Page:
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Lesser Redpoll Linnet


Lesser Redpoll Linnet


The definitive website on wildbirds & nature



Birds of America

By John James Audubon, F. R. SS. L. & E.

VOLUME III.

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Family
Genus

LESSER REDPOLL LINNET.
[Common Redpoll.]

LINARIA MINOR, Ray.
[Carduelis flammea.]

PLATE CLXXIX.--MALE AND FEMALE.

When I was in Labrador, my young companions and my son one day (the 27th of July, 1833), procured eight individuals of this species, of different sexes and ages. Next morning I went to the place where they had been shot, and found a good number remaining. The first observation I made had reference to their notes, which, instead of resembling those of the Gold-finch, as alleged by an American writer, are very similar to those of the Siskin, and are frequently uttered both when the birds are alighted and while they are on wing. They were in small parties of seven or eight, apparently formed by the members of the same family, and although several of these groups were around me, they did not intermingle until fired at, when they all simultaneously rose on wing, mixed together, and after performing several short evolutions returned to the same bushes, separated into families, and resumed their occupations. When alighted they were quite unsuspecting, and so heedless as to allow a close approach, scarcely regarding my presence, but clinging to the branches, dexterously picking out the seeds of the alder-cones, and occasionally coming to the ground after some which had dropped.

Few birds exhibit a more affectionate disposition than the Little Redpoll, and it was pleasing to see several on a twig feeding each other by passing a seed from bill to bill, one individual sometimes receiving food from his two neighbours at the same time. Occasionally, however, they shewed considerable pugnacity, and one would drive off its companion, inflicting some smart blows upon it with its bill, and uttering a low querulous chatter.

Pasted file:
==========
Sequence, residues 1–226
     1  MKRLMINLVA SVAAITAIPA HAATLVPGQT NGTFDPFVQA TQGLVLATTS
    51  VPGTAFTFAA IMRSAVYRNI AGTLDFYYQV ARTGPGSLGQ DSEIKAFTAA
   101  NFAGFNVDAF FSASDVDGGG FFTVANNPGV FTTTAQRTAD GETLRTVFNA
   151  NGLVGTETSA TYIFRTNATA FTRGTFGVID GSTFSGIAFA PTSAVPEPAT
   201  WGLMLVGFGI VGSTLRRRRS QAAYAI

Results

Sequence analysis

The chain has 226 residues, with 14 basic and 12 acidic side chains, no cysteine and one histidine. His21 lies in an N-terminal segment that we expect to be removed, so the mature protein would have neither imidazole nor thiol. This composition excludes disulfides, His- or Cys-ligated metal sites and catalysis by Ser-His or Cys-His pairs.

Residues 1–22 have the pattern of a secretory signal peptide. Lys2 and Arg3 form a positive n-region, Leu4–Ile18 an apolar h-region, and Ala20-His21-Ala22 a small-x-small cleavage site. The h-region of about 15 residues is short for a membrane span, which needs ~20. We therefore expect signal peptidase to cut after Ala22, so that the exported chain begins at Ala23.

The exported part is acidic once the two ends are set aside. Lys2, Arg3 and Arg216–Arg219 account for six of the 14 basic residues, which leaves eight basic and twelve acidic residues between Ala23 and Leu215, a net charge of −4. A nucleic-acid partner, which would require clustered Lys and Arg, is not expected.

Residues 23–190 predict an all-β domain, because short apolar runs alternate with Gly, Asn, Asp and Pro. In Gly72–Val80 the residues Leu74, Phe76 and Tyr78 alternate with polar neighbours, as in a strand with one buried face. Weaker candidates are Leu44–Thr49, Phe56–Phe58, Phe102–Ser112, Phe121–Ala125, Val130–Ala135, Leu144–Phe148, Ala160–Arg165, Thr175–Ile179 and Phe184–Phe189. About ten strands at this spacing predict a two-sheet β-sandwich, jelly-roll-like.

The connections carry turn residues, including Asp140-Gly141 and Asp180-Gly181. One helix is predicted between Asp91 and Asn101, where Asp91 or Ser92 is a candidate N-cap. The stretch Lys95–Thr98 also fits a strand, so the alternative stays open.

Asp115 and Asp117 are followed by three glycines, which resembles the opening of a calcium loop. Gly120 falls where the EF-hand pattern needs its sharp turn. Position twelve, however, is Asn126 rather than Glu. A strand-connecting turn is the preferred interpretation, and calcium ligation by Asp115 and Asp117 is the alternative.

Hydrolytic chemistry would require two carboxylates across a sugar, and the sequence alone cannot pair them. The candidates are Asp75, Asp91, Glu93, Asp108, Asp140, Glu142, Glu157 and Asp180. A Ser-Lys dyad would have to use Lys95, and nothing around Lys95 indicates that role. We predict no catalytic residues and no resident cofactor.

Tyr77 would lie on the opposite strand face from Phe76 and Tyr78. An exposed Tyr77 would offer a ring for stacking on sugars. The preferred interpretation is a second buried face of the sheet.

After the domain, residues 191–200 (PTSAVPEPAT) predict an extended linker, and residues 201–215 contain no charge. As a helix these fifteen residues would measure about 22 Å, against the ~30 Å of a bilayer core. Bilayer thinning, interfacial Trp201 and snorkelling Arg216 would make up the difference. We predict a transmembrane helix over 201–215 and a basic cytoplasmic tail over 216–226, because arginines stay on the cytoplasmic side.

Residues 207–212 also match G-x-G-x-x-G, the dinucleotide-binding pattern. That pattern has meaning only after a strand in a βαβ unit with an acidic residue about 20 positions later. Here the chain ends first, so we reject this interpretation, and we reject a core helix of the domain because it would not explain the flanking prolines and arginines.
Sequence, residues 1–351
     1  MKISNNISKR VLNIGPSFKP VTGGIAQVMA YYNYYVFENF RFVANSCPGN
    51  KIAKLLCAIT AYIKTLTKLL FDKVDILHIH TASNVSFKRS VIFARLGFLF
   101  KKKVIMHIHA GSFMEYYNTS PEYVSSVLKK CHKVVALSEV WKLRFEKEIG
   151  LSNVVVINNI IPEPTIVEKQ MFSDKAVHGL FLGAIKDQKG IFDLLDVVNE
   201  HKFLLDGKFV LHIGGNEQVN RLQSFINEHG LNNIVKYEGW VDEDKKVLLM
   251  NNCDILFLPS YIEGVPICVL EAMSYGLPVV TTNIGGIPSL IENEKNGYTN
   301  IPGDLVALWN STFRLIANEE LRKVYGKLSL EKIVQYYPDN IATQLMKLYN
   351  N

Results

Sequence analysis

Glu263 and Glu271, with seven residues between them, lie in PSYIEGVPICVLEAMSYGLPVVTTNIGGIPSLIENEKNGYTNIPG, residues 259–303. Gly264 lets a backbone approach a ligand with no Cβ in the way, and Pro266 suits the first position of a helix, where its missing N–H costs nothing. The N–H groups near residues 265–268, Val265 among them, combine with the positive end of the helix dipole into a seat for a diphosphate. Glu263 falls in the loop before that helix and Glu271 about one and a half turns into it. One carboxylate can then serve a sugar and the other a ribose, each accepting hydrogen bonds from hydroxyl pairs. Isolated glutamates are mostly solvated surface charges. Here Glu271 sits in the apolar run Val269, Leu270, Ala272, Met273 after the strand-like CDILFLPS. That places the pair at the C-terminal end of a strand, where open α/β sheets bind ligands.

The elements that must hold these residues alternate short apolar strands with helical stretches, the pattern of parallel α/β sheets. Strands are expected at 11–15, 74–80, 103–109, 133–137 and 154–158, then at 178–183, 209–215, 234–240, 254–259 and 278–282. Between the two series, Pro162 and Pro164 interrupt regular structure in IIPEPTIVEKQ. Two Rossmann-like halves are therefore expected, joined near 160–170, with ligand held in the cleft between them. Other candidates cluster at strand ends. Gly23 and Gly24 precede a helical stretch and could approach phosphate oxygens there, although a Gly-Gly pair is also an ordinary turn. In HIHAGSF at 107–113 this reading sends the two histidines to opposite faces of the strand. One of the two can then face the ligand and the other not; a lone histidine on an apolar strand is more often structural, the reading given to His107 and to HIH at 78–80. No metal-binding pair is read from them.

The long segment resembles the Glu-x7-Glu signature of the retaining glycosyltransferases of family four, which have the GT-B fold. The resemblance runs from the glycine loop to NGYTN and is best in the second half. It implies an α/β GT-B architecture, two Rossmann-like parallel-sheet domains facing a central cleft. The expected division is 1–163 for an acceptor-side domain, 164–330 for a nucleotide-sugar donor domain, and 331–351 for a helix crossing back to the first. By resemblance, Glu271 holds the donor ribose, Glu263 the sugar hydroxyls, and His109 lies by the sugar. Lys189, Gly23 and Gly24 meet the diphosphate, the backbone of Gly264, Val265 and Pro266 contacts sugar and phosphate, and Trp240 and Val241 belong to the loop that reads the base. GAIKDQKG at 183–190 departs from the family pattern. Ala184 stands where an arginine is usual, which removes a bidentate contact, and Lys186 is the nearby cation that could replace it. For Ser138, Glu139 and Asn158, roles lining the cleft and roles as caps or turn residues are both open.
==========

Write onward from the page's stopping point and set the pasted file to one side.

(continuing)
In other portions of the same country, I saw flocks composed of twenty or more individuals flying loosely at a moderate height, in the undulatory manner of the American Goldfinch and Siskin, without, however, making the deep sweeps of the former; suddenly alighting, and at once beginning to search with great expertness between the stems and leaves, picking at the embryo buds while perched over them, like Jays and Titmice.

So hardy is this species, that, according to Dr. RICHARDSON, it is a "permanent resident in the Fur Countries, where it may be seen in the coldest weather, on the banks of lakes and rivers, hopping among the reeds and carices, or clinging to their stalks. Although numerous throughout the year, even in the most northern districts, a partial migration takes place, as large flocks visit Pennsylvania for a month or two in severe winters." The migrations alluded to are of rare occurrence in that State, however, as well as in that of New York. I never saw one of these birds to the westward of the Alleghanies, and none were observed by Dr. TOWNSEND or Mr. NUTTALL on the Columbia river. They are abundant every cold winter in the northern parts of Massachusetts and Maine, as well as in all the British Provinces.

The food of this species consists of buds, seeds of various grasses, berries, and the small leaves of bushes and trees. I have represented a male and a female on a plant which grows abundantly in the localities in which I found it in Labrador.